Shanghai Museum

Shanghai Museum






HUANGPU - People's Square


The Shanghai Museum is considered one of the most significant museums nationwide, being proud of a wide collection of priceless relics that have been furnished with sufficient descriptions in both Chinese and English.


Established in 1996, this uniquely shaped structure nestles itself in a big urban green in the very city center, claiming absolute supremacy over the other landmarks of the region.

Its round top and square base architecture figuratively implies a traditional Chinese phrase "天圆地方 a round heaven and a square earth" which can be interpreted as the initial understanding of "universe". The round top is modeled on a giant bronze pot, called "Ding 鼎", a kind of food container (especially contain meats) used only by dignitaries in ancient China, lends an air of magnificence to the whole building. In addition, the eight statues of traditional Chinese sacred animals flanking the museum's south entrance embody the meaning of treasure protection.

The museum has categorized all exhibits into a set of theme galleries and thoughtfully arranged the displaying sequences in accessible threads. 

Floor 1: Ancient Chinese Bronze Gallery, and Ancient Chinese Sculpture Gallery

Over 400 exhibits displayed in the Bronze Gallery are committed to telling brilliant stories about the remarkable techniques of bronze casting and modeling in the Bronze Age of ancient China (18th century B.C. – 3rd century B.C.). The exquisite patterns and graceful inscriptions are still as clear as they were, just like time passing has never worn on them. These relics of weapons, wares for household and ceremony, and musical instruments that have survived into the modern age contribute significant archaeology value to the study of ancient lives.

The Sculpture Gallery wraps up a sculpture-making history over 2,100 years (475 B.C. – A.D. 1644) in an exhibiting parade with over 120 pieces of relics, most of which are the figures connecting to the religion of Buddhism, which implies a significant cultural influence exerted by the Buddhism at the time.

Floor 2: Ancient Chinese Ceramics Gallery

The Ancient Chinese Ceramics Gallery puts 500+ pieces of pottery and porcelain work under spotlights, covering a tremendous history of 8,000 years which spans from the Neolithic age to the Qing Dynasty. Preeminences worth your attention are the painted potteries of the Neolithic Age, proto-celadon works of the Warring States Periods (770 – 221 B.C.), celadon glaze works of the Eastern Han Dynasty (A.D. 25 – 225), tri-colored glazed potteries of the Tang Dynasty (A.D. 618 –907), blue and white porcelains of the Song Dynasty (A.D. 960 – 1279), and under-glazed porcelains of the Yuan Dynasty (A.D. 1279 – 1368).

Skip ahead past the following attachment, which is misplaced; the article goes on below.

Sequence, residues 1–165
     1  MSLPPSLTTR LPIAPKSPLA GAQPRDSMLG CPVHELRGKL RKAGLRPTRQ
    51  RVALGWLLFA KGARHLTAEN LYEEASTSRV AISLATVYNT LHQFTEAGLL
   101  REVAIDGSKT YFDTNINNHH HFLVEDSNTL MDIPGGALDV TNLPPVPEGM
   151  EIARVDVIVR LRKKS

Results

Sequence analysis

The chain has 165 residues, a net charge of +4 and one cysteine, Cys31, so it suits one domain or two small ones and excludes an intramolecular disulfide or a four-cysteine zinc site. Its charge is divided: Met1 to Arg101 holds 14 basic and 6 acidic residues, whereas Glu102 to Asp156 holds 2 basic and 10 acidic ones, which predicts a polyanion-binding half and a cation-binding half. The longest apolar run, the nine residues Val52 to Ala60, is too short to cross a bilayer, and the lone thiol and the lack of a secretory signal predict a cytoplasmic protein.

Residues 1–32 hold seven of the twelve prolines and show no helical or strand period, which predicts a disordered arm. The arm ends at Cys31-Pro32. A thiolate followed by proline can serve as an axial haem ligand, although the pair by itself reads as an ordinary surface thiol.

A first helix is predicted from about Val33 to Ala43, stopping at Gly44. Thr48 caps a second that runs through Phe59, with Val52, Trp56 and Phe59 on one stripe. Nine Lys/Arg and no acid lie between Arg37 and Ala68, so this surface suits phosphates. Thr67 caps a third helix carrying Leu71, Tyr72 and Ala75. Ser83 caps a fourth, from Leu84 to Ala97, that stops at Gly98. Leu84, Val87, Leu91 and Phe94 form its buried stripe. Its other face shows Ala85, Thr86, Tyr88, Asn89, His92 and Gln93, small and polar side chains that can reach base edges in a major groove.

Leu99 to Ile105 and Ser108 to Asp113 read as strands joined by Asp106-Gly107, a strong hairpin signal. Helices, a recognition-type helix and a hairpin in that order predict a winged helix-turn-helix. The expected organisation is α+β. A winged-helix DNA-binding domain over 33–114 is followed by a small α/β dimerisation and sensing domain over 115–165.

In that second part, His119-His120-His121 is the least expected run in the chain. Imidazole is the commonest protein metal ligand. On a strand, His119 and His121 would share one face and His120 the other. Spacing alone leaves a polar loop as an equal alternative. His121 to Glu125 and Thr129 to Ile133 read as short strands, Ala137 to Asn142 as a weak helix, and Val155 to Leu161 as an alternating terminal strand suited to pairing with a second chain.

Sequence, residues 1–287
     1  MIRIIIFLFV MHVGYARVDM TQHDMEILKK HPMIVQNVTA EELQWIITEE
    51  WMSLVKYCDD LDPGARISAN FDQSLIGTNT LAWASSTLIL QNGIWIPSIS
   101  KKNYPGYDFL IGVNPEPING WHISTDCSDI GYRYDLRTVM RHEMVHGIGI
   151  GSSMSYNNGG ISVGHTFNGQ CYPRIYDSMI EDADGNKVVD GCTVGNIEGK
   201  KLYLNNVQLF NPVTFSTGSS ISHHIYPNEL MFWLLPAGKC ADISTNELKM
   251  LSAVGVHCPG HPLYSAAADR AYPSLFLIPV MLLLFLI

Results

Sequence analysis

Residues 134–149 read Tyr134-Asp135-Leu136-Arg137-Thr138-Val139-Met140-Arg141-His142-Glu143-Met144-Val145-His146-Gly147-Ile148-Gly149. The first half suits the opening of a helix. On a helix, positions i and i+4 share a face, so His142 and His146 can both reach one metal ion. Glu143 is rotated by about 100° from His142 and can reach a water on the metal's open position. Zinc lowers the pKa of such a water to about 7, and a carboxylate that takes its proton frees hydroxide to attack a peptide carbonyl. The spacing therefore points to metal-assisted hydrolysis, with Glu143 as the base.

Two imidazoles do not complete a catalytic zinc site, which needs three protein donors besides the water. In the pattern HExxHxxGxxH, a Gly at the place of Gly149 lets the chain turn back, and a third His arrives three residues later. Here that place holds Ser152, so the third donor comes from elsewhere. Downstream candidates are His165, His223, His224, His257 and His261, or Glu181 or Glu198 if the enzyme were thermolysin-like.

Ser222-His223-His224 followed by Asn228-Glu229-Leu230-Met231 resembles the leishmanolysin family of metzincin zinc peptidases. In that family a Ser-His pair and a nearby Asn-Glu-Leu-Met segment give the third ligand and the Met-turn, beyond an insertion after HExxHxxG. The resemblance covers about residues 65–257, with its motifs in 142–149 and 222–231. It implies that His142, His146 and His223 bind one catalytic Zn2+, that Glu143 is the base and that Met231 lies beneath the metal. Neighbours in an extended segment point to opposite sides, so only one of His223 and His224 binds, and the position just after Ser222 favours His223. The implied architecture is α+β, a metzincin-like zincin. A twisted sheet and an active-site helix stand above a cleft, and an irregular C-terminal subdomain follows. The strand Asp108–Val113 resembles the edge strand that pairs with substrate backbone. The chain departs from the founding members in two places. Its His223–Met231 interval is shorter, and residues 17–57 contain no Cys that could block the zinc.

Floor 3: Chinese Painting Gallery, Chinese Calligraphy Gallery, and Chinese Seal Gallery,

The Painting Gallery displays about 120 pieces of genuine works created by famed artists over the dynasties of Tang (A.D. 618 – 907), Song (A.D. 960 – 1279), Yuan (A.D. 1279 – 1368), Ming (A.D. 1368 – 1644), and Qing (A.D. 1636 – 1912), work subjects includes landscape painting, portrait painting, and flowers-and-birds painting. 

These traditional Chinese paintings were basically created by the use of pointed brush, ink stick, silk, and Xuan Paper 宣纸 (a sort of thin paper in the delicate quantity that is mainly used for painting or calligraphy works), it determines a maximum service life to each of the works, hence, the museum is exercising multiple measures to prevent these cultural treasures from impairing, such as the applications of motion-sensor illuminations, thermostat equipment, humidity controls, etc.

Calligraphy is an additional art expressing form in ancient China that originated thousands of years ago, it can be traced back to Shang Dynasty 商朝 (1562 B.C. – 1066 B.C.), matured in the Eastern Zhou Period (770 B.C. – 256 B.C.) and flourished in the following dynasties. There are over 70 calligraphy works exhibited here in the museum, ranging from the inscriptions engraved on oracle bones or other objects like bronze wares, bamboo strips, or stone tablets, to the poems and letters written on papers or scrolls. 

The Chinese Seal Gallery houses nearly 500 seal exhibits that were mainly unearthed from the Western Zhou Dynasty (1046 B.C. – 771 B.C.) to the late Qing Dynasty (1840 – 1912). 

Floor 4: Ancient Chinese Jade Gallery, Chinese Currency Gallery

The Jade Gallery displays over 300 jade wares in form of wine vessels, jewelry, or house ornaments, the oldest exhibit can be traced back to the Neolithic Age.

3,000 items displayed at the Currency Gallery bring in a consecutive history about the evolution of the Chinese currency. Exhibits include the metal coins (round shape with a square hole in the center) that were cast from bronze, iron, or other metals, and used in circulation from the Qin Dynasty (221 B.C.); paper made currencies that were reportedly emerged from the Northern Song Dynasty (960 – 1127). In addition, the Persian gold coins discovered on the Silk Road extend the catalog with exotic features.

There is also an exhibition room on the 4th floor prepared for any use of a temporary exhibition.

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Venue Details
  • Shanghai Museum

    No.201 Renmin Avenue, by Middle Xizang Road


    31.228397 121.475442


    PriceFree entry

    CardsFree entry

    HoursDaily 9am-5pm (last entry by 4pm)


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